Thousands of hosts on a gigabit LAN, maybe not
dave.taht at gmail.com
Fri May 8 19:26:16 UTC 2015
On Fri, May 8, 2015 at 11:53 AM, John Levine <johnl at iecc.com> wrote:
> Some people I know (yes really) are building a system that will have
> several thousand little computers in some racks.
Very cool-ly crazy.
> Each of the
> computers runs Linux and has a gigabit ethernet interface. It occurs
> to me that it is unlikely that I can buy an ethernet switch with
> thousands of ports, and even if I could, would I want a Linux system
> to have 10,000 entries or more in its ARP table.
Agreed. :) You don't really want 10,000 entries in a routing FIB
table either, but I was seriously encouraged by the work going
on in linux 4.0 and 4.1 to improve those lookups.
I'd love to know the actual scalability of some modern
routing protocols (isis, babel, ospfv3, olsrv2, rpl) with that
many nodes too....
> Most of the traffic will be from one node to another, with
> considerably less to the outside. Physical distance shouldn't be a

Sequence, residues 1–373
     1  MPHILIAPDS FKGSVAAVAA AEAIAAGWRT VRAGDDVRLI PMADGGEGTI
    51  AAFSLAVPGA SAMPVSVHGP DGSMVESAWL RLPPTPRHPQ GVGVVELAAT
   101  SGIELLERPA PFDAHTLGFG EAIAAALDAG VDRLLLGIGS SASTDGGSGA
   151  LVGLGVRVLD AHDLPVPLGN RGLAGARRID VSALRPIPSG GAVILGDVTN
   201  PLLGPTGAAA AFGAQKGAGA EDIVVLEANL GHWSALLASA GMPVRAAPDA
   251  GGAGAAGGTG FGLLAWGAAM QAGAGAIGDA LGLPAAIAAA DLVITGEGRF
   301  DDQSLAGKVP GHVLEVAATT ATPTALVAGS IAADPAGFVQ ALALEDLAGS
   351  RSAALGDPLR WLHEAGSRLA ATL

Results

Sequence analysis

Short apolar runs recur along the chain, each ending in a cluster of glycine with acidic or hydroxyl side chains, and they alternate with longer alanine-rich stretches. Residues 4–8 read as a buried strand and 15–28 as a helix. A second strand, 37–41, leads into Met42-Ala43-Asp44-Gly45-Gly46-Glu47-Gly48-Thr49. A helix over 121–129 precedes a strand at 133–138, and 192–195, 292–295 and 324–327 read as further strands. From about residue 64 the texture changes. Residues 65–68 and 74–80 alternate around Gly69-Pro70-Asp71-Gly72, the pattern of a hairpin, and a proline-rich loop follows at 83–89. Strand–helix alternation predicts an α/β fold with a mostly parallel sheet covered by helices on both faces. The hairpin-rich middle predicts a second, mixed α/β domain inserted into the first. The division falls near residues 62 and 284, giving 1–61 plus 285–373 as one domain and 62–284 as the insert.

> problem since everything's in the same room, maybe the same rack.
That is an awful lot of ports to fit in a rack (48 ports, 36 2U slots
in the rack (and is that too high?) = 1728
ports) A thought is you could make it meshier using multiple
interfaces per tiny linux box? Put, say
3-6 interfaces and have a very few switches interconnecting given
clusters (and multiple paths
to each switch). That would reduce your arp table (and fib table) by a
lot at the cost of adding
> What's the rule of thumb for number of hosts per switch, cascaded
> switches vs. routers, and whatever else one needs to design a dense
> network like this? TIA
max per vlan 4096. Still a lot.
Another approach might be max density on a switch (48?) per cluster,
routed (not switched) 10GigE
to another 10GigE+ switch.
I'd love to know the rule of thumbs here also, I imagine some rules
must exist for those in the VM
or VXLAN worlds.
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